Developing a "tiled" dashboard for one of my clients, I am considering the employment of "text-based summary" in lieu of absolute figures.

For those unfamiliar with a "tiled" dashboards, below is an example dashboard by the Indianapolis Museum of Art.

IMA Tiled Dashboard Example

Juice Analytics, in their publication "A Guide to Creating Dashboards People Love to Use", briefly discuss the use of what they refer to as "Text-based Summary" with the example (credited to WebTrends) attached below. Their description is as follows:

Text-based summary: Automatically generated textual description of the key information in the dashboard. This can be as simple as a sentence that includes a couple important data points.

Text-based Summary by WebTrends

I found the example to be quite verbose and not well suited to the simplicity of the tiled layout. I have been playing around with an example for revenue against forecast, and have come up with the following:

Experimental Text-based Summary

However, this solution still seems inefficient as the figures still do not communicate their meaning effectively. Moreover, the more data present in each tile, the less clear the message becomes.

Can anyone provide some suggestions to better highlight the key information being presented in this summary at a glance, whilst also communicating the relationships between the figures?

  • The summary you have produced seems quite clear to me, although I'd drop the pennies. What is the actual meaning you reckon is not well communicated? And are all bits of information similar to the example you produced? I can think of a nice infographics for this, but don't know about what else you need to do.
    – Izhaki
    Jan 29, 2014 at 0:10
  • @Izhaki My issue with my solution is that (even with colour) the meaning of the figures is not immediately apparent. Text-based summary seems to excel at presenting relationships between figures at the cost of disassociating them from their meaning (revenue, forecast, variance, etc.). I'm hoping that someone can suggest an improvement that highlights the meaning of the figures better than my use of colour has done.
    – Taylor Hx
    Jan 29, 2014 at 0:15
  • A big challenge with dashboards is that in an attempt to imply additional meaning to raw data, you may end up communicating the wrong thing if the proper context isn't there. So, be careful...really focus on what the key metrics they are after and see if it makes sense to use something above and beyond the numbers. (a simple example: does having MORE defects reported one week than another mean something is good or bad? Well, it depends...does it mean the code is sloppier this week? Or does it mean a lot more code was written?)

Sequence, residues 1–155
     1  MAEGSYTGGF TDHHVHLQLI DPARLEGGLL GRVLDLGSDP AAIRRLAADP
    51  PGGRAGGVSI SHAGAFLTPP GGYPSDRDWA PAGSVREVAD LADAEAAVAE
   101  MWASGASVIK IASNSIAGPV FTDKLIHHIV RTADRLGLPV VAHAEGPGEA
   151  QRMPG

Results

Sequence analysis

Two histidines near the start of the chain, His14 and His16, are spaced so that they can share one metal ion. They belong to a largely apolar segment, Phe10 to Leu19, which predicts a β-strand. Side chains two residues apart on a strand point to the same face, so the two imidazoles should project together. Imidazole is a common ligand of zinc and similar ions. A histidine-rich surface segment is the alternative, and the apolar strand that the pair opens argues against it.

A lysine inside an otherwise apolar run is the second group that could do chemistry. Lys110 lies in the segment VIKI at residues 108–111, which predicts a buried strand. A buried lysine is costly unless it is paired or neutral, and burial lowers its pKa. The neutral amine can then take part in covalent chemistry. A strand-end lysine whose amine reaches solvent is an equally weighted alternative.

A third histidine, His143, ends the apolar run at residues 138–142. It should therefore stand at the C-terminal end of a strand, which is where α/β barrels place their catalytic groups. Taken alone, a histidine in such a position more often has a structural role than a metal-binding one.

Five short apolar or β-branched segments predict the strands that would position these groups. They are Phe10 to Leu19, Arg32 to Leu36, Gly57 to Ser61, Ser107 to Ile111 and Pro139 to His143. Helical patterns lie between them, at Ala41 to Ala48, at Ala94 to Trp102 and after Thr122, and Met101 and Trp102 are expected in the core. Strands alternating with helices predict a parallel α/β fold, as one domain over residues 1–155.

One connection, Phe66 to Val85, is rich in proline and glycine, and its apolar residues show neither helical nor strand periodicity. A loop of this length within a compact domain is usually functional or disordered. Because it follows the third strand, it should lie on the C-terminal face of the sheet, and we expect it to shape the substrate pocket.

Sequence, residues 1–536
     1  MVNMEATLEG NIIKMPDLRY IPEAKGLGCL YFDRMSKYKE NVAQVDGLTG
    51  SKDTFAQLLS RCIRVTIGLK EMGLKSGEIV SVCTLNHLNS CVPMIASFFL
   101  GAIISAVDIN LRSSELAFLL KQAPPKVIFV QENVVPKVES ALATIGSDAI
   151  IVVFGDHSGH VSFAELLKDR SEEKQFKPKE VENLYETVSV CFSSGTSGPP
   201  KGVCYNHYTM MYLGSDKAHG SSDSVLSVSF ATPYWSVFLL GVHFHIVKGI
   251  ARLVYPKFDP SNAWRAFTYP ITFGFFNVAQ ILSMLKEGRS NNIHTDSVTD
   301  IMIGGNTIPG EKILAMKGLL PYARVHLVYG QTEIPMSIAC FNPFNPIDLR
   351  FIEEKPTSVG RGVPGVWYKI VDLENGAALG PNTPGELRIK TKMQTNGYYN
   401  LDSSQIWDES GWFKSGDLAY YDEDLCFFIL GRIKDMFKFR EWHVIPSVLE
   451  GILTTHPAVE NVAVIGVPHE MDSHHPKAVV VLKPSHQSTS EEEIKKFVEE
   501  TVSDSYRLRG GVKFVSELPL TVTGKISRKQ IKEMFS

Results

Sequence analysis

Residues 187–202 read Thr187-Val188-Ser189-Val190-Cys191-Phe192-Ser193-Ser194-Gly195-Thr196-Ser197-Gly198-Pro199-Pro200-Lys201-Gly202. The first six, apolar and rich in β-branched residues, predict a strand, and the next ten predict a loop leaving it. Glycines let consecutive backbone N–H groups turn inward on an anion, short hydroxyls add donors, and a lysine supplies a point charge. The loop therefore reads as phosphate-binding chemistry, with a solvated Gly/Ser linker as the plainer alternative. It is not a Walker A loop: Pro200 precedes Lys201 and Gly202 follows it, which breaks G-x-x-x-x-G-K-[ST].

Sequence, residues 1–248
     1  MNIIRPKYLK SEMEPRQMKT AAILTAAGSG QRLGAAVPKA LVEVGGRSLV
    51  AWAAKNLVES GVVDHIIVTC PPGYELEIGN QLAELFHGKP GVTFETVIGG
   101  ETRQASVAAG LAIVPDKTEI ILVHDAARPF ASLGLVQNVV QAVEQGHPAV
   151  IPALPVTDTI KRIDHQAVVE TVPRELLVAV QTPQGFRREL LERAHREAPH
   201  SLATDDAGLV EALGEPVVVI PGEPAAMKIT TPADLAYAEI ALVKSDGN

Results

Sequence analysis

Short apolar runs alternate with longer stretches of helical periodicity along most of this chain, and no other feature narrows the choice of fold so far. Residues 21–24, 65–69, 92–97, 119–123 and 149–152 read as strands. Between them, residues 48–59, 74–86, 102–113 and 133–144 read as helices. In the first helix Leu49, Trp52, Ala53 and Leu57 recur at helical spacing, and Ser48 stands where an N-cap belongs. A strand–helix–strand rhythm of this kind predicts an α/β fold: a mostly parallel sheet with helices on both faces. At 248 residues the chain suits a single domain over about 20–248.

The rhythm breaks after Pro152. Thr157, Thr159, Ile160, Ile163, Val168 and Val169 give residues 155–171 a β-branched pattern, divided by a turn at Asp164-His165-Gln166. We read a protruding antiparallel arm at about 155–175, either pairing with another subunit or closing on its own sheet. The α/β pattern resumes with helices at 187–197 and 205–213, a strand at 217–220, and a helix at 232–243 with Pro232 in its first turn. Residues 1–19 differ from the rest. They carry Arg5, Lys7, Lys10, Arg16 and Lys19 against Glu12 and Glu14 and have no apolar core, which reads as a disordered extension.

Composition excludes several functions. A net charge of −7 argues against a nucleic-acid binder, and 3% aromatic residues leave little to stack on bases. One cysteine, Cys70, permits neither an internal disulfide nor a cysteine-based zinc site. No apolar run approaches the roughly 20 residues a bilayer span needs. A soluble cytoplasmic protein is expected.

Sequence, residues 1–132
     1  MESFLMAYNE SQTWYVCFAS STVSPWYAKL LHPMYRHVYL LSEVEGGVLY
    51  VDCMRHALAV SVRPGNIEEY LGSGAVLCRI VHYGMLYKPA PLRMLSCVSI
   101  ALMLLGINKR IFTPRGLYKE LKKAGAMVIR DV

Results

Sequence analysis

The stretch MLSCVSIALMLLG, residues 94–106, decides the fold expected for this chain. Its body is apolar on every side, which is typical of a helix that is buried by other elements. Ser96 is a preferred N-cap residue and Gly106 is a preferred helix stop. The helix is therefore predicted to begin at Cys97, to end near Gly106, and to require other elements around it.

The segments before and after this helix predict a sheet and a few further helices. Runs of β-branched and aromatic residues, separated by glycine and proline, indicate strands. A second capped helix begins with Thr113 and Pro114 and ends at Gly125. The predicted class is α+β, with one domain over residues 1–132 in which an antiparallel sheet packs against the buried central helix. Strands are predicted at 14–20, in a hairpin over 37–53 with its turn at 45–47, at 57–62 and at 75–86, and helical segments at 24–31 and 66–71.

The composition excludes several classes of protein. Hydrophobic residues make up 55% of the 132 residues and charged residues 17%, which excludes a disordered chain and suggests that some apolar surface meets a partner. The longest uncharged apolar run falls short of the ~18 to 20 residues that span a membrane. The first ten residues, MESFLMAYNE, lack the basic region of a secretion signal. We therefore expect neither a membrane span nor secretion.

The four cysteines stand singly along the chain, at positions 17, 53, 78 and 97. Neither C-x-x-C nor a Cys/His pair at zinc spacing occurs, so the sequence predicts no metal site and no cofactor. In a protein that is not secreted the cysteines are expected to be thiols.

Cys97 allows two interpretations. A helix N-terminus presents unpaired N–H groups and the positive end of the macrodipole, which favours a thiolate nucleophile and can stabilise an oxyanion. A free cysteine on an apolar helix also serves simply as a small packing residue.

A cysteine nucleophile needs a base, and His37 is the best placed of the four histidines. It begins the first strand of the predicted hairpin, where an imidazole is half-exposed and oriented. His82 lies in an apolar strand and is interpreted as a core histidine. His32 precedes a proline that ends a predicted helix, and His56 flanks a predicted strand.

– DA01
    Jan 29, 2014 at 0:21

1 Answer 1


Can anyone provide some suggestions to better highlight the key information being presented in this summary at a glance, whilst also communicating the relationships between the figures?

First of all, is there a definable correlation between particular numbers that can then mathematically indicate a 'status'? It's tricky, because you don't want to lead to conclusions that aren't there. Sometimes it's best to avoid connecting the relationships and instead simply doing trending on that figure alone. So "compared to last week, this number is up, so we'll use a green arrow to indicate that. But we don't know WHY it's up so we'll let you, the user, make the needed correlations regarding that"

Since I've worked in IT a long time, my favorite example was when the dev team and testing team were given annual goals for the next year. The dev team's goal was to have each developer have no more than 3 defects logged per week. The testing team's goal was to increase the number of defects they log per tester. Aside from that being a contradiction, neither goal really had anything to do with the key issues that should have been measured: is the product the developers and testing team developing improving things for the customer? As such, using the defect logs as some sort of 'dashboard metric' was a giant red herring.

Now, if after all that you find that there is a strong relation between particular sets of numbers, then the visual fix for your layout is to not place them in separate boxes. They should visually be connected in the same contained space.

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